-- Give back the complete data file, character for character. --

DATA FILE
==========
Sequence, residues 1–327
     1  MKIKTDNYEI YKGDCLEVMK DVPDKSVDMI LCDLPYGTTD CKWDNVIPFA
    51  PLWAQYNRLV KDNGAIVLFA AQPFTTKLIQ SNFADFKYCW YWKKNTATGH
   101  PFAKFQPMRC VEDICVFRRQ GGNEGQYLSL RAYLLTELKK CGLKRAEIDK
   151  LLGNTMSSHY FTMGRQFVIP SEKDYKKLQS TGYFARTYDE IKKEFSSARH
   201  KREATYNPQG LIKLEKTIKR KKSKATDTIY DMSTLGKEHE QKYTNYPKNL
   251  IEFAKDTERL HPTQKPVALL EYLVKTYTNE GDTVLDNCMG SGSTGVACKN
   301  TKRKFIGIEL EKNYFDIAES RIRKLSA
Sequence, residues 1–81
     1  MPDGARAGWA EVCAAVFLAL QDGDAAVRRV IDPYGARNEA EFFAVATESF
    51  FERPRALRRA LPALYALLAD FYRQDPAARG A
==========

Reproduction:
Sequence, residues 1–327
     1  MKIKTDNYEI YKGDCLEVMK DVPDKSVDMI LCDLPYGTTD CKWDNVIPFA
    51  PLWAQYNRLV KDNGAIVLFA AQPFTTKLIQ SNFADFKYCW YWKKNTATGH
   101  PFAKFQPMRC VEDICVFRRQ GGNEGQYLSL RAYLLTELKK CGLKRAEIDK
   151  LLGNTMSSHY FTMGRQFVIP SEKDYKKLQS TGYFARTYDE IKKEFSSARH
   201  KREATYNPQG LIKLEKTIKR KKSKATDTIY DMSTLGKEHE QKYTNYPKNL
   251  IEFAKDTERL HPTQKPVALL EYLVKTYTNE GDTVLDNCMG SGSTGVACKN
   301  TKRKFIGIEL EKNYFDIAES RIRKLSA
Sequence, residues 1–81
     1  MPDGARAGWA EVCAAVFLAL QDGDAAVRRV IDPYGARNEA EFFAVATESF
    51  FERPRALRRA LPALYALLAD FYRQDPAARG A